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  1. mod·ern
    IPA[ˈmädərn]
  2. adjective

    noun

    • 1. a person who advocates or practices a departure from traditional styles or values.

  3. Variation

    • n.: noun: modern, plural noun: moderns

    • adjective

      relating to the present or recent times as opposed to the remote past:

      characterized by or using the most up-to-date techniques, ideas, or equipment:

    • noun

      a person who advocates or practises a departure from traditional styles or values:
    • noun

      a free, expressive style of dancing started in the early 20th century as a reaction to classical ballet. In recent years it has included elements not usually associated with dance, such as speech and film.
    • noun

      the English language as it has been since about 1500.
    • plural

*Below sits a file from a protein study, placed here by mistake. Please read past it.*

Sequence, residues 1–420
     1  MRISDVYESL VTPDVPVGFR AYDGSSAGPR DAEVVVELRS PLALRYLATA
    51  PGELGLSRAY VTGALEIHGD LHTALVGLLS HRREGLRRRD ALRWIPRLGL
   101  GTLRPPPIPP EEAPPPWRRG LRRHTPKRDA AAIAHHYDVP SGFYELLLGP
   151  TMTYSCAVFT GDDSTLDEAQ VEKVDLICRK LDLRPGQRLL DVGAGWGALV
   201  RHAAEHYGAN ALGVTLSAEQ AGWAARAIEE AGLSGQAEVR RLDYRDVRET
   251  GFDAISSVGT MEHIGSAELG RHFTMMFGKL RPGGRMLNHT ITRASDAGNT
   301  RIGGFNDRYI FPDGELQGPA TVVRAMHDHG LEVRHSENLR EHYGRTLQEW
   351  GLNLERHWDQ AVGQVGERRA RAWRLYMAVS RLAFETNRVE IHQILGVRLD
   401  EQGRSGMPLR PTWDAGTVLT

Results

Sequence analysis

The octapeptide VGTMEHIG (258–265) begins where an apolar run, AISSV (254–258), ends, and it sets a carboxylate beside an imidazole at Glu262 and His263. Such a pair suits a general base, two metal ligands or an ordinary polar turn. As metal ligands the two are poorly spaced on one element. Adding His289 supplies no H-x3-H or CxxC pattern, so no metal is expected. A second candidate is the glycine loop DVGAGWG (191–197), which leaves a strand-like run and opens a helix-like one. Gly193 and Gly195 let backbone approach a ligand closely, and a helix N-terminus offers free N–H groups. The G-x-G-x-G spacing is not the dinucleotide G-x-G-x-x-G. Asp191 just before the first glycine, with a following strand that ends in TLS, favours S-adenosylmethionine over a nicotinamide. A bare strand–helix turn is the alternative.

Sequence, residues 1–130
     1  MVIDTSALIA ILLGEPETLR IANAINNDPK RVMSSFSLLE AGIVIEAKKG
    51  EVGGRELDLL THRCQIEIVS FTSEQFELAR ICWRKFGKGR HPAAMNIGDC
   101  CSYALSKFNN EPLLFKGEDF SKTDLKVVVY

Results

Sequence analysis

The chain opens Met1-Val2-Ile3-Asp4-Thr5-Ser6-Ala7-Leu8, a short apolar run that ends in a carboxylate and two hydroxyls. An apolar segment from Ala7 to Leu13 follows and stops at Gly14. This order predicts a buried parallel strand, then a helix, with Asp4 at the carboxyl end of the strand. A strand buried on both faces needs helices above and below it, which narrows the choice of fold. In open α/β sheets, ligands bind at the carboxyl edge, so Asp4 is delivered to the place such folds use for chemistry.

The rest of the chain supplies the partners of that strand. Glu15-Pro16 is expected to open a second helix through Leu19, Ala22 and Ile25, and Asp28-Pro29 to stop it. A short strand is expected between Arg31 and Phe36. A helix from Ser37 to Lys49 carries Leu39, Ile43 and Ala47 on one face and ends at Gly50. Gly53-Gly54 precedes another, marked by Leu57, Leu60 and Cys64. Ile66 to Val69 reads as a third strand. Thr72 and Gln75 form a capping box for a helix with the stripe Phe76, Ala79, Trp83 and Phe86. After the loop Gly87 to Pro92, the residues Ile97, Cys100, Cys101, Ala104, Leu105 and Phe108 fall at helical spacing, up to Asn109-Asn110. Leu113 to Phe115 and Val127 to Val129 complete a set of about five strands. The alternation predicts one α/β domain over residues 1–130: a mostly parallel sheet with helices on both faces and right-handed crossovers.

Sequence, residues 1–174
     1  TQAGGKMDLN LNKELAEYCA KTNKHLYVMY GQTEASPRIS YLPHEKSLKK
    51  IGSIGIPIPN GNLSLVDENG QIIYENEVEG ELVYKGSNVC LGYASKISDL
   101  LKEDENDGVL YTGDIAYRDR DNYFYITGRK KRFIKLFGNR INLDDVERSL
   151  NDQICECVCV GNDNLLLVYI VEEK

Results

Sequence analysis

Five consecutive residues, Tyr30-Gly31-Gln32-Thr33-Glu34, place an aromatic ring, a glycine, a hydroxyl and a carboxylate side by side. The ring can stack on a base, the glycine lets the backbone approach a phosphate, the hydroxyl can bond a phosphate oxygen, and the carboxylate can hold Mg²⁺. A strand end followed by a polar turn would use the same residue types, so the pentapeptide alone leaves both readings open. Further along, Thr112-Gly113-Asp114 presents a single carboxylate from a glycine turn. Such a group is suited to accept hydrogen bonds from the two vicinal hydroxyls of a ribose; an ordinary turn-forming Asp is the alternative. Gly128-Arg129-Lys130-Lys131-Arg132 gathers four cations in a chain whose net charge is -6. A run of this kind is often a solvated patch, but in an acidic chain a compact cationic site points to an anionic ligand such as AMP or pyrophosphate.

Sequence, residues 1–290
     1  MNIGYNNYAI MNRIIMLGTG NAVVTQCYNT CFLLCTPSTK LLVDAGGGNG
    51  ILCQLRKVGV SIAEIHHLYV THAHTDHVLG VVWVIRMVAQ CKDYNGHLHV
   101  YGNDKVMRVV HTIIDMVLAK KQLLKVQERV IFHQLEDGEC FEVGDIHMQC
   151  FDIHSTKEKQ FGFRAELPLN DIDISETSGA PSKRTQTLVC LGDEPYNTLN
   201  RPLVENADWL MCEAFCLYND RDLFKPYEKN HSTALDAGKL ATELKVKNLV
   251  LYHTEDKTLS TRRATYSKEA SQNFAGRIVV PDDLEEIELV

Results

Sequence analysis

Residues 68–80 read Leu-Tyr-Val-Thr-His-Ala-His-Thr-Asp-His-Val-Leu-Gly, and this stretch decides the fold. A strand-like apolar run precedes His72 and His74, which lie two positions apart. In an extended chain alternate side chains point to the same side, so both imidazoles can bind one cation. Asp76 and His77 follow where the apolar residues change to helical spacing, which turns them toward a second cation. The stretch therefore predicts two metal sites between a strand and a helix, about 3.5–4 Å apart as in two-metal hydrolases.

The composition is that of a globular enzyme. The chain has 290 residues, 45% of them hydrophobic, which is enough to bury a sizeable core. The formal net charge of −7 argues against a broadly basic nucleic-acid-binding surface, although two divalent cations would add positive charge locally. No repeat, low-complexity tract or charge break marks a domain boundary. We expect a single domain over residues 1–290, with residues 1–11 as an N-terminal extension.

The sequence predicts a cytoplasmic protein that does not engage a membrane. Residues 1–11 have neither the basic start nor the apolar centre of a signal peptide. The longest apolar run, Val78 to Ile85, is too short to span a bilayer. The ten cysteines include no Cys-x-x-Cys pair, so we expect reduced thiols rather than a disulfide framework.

(at Oxford University) the school of philosophy, politics, and economics.
    • noun

      jazz as developed in the 1940s and 1950s, especially bebop and the related music that followed it.
    • noun

      Latin as developed since 1500, used especially in scientific terminology.
    • noun

      a living or modern-day language as a subject of study, as contrasted with classical Latin and Greek:
    • noun

      history up to the present day, from some arbitrary point taken to represent the end of the Middle Ages. In some contexts it may be contrasted with “ancient” rather than “medieval” history, and start, e.g., from the fall of the Western Roman Empire.
    • plural

      (at Oxford University) the school of philosophy, politics, and economics.
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